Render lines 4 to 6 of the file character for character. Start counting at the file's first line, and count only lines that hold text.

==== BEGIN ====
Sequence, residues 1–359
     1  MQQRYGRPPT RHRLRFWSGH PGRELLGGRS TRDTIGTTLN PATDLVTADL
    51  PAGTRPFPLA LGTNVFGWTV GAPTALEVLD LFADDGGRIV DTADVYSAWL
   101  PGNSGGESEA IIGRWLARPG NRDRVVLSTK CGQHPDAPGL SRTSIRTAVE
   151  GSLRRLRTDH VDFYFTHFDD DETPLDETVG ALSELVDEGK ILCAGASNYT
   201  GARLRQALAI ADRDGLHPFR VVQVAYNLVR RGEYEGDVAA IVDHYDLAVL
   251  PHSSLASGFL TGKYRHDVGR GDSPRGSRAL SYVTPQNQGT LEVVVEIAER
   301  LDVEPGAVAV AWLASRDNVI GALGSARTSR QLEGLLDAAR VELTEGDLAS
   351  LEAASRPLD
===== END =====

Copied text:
   101  PGNSGGESEA IIGRWLARPG NRDRVVLSTK CGQHPDAPGL SRTSIRTAVE
   151  GSLRRLRTDH VDFYFTHFDD DETPLDETVG ALSELVDEGK ILCAGASNYT
   201  GARLRQALAI ADRDGLHPFR VVQVAYNLVR RGEYEGDVAA IVDHYDLAVL